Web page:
Brain and cognitive health

Helping a child with obsessive-compulsive disorder

If a child has obsessive-compulsive disorder, the condition affects everyone else in the family. Understanding OCD and learning helpful strategies to support the child can ease distress all around.

Safe driving protects your brain

Of course, observing safe driving habits is a common-sense practice that can help you avoid injury, but these driving guidelines can help protect your brain as well.

Warning signs of a concussion

Claire McCarthy, MD

Faculty Editor, Harvard Health Publishing

A concussion can occur without a strong impact. Sometimes it’s obvious a child has suffered a concussion, but in other instances there can be more subtle warning signs of a concussions that linger for weeks or months.

Could medications contribute to dementia?

Robert H. Shmerling, MD

Faculty Editor, Harvard Health Publishing

A study found that people over 65 who were taking an anticholinergic medication (drugs that block the chemical messenger acetylcholine) were more likely to eventually be diagnosed with dementia, but these results don’t show that this class of drugs definitively causes dementia.

Memories: Learning, remembering, (not) forgetting

Who we are and how we define our lives is built on the accumulation of personal experiences. As we age, these memories start to fade. People with neurodegenerative conditions such as Alzheimer’s disease are especially vulnerable.

Do we need to take tackling out of youth football?

Claire McCarthy, MD

Faculty Editor, Harvard Health Publishing

Ongoing research on the effects of repeated head injury on the brains of football players raises the question of whether preteen football players should be prohibited from tackling.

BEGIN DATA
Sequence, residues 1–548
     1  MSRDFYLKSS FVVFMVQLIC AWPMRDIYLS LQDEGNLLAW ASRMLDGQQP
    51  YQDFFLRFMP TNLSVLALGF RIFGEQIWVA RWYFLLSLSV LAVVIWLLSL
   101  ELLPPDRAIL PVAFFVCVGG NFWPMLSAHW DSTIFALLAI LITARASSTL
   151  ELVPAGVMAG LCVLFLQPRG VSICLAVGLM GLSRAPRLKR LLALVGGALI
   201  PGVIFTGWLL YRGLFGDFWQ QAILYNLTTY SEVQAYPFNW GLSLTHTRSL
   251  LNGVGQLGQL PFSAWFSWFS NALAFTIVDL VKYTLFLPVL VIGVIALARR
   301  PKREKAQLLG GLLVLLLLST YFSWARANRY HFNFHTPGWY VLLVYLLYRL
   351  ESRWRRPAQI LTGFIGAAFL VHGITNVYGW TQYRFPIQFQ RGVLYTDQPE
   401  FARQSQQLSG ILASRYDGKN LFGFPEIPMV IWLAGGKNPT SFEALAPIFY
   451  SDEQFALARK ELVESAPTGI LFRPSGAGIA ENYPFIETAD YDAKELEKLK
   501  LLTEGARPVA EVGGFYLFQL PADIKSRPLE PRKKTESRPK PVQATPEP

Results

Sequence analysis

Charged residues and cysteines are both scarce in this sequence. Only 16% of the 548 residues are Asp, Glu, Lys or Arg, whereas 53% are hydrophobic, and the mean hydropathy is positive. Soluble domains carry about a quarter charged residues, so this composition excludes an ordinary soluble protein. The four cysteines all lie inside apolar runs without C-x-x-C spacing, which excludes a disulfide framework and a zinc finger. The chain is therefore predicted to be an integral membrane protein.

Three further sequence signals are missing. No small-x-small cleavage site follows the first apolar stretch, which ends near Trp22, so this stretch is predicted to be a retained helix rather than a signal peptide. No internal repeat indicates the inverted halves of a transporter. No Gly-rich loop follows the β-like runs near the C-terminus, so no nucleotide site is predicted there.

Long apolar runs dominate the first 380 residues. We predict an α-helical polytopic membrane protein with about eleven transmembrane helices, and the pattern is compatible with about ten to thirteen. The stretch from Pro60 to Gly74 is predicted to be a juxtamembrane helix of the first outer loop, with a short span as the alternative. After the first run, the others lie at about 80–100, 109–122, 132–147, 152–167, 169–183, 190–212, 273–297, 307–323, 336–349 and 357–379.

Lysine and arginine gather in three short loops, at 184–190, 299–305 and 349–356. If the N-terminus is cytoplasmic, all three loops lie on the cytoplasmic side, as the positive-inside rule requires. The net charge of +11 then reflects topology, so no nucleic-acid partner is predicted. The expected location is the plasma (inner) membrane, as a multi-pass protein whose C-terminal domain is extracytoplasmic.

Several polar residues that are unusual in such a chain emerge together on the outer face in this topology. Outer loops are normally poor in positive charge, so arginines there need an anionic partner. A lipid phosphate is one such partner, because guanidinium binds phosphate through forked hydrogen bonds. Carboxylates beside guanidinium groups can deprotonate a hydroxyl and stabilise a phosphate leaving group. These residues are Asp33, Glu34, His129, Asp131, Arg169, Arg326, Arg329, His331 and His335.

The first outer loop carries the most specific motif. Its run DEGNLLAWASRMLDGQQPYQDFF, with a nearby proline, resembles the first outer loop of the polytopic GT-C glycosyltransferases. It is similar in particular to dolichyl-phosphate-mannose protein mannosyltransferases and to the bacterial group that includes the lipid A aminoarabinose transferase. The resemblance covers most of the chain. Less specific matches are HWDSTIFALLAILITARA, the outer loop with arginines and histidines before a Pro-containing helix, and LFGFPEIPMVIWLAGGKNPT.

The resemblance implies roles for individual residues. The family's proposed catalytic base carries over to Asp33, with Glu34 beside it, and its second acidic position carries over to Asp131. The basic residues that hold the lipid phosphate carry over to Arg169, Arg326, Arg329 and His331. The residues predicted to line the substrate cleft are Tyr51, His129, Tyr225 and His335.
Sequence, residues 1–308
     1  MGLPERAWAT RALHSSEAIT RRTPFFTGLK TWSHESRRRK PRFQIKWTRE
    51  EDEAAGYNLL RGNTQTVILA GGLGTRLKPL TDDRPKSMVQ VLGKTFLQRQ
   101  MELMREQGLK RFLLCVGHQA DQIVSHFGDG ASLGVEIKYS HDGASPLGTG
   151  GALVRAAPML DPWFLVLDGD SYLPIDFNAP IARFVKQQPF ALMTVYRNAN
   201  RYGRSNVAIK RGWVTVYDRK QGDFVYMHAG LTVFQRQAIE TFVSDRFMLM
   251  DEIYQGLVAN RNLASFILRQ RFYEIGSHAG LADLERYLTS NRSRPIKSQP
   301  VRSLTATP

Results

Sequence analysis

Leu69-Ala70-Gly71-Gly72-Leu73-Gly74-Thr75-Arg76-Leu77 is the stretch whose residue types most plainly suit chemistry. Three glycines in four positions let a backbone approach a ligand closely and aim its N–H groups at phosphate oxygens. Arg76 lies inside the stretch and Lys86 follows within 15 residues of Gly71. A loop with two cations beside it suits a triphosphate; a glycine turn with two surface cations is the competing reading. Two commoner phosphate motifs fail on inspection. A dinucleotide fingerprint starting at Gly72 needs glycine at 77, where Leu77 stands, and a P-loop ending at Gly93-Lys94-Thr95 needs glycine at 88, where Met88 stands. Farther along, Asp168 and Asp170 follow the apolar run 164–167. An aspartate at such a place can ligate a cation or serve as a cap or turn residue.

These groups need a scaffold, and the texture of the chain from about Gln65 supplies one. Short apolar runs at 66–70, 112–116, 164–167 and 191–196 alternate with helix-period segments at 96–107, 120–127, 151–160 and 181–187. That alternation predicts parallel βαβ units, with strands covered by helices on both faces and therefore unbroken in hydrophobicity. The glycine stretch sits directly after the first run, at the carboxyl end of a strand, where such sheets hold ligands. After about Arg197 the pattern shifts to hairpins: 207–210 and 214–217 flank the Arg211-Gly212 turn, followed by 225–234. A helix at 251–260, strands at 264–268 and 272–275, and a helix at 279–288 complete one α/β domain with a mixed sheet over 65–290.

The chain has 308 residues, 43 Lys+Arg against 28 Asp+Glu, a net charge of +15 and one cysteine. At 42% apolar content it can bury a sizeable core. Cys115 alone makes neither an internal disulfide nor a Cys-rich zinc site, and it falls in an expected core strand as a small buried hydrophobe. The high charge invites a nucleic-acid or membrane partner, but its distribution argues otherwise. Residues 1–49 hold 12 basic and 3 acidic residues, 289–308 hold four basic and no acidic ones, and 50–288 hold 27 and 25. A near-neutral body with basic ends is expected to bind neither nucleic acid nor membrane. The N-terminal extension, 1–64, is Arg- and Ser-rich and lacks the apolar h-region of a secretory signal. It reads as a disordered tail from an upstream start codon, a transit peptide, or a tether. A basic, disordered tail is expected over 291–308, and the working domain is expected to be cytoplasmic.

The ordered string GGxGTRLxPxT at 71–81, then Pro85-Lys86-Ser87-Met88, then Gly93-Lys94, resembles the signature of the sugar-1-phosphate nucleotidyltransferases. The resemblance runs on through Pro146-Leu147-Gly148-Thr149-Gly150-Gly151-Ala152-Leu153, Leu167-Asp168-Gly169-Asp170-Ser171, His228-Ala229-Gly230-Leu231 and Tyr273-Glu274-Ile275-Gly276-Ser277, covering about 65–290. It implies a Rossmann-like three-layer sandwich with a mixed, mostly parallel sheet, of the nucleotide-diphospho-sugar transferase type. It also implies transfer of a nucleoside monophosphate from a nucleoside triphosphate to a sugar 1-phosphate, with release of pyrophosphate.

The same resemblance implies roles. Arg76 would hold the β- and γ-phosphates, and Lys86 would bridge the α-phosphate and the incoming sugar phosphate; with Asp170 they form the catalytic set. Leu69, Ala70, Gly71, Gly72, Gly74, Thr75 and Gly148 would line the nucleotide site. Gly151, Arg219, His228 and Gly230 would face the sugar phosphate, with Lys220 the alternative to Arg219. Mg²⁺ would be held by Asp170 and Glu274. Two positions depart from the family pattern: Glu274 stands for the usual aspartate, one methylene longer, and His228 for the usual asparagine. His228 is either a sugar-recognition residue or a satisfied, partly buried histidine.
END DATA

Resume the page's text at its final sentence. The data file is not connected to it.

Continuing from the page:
What kinds of exercise are good for brain health?

While the physical benefits of exercise have long been understood, exactly which exercises boost brain health is less clear, but the more diverse your exercise routine, the more likely your brain and cognitive health will benefit along with your body.

Can you rewire your brain to get out of a rut? (Yes you can…)

Srini Pillay, MD

Contributor

We’ve all had times when we feel like we are in a rut. This can happen because of the brain’s built-in tendency to follow established patterns. But now researchers have shown that it’s possible to undo established ways of thinking, opening a pathway to increased creativity.

Transcranial magnetic stimulation (TMS): Hope for stubborn depression

For some people suffering from depression, medications and therapy don’t bring adequate relief. A newer treatment called transcranial magnetic stimulation (TMS) applies powerful magnetic fields to areas of the brain known to be involved in depression. It is well-tolerated and shows promise in helping patients with hard-to-treat depression.

The crucial brain foods all children need

Claire McCarthy, MD

Faculty Editor, Harvard Health Publishing

Proper nutrition is crucial for mothers-to-be and their babies, as brain development depends on many nutrients and vitamins, but it’s not always easy or affordable for people to get the healthy foods they need.